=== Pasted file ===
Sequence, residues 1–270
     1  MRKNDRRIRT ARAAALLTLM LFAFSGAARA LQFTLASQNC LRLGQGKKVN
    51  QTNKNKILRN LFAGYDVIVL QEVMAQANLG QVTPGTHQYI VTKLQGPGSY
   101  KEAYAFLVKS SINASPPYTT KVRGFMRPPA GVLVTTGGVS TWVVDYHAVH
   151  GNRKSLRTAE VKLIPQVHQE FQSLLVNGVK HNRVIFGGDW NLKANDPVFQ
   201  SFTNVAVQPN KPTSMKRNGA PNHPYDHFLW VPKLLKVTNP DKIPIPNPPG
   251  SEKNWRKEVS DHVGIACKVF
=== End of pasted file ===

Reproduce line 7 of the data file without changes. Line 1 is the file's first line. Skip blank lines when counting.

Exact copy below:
   251  SEKNWRKEVS DHVGIACKVF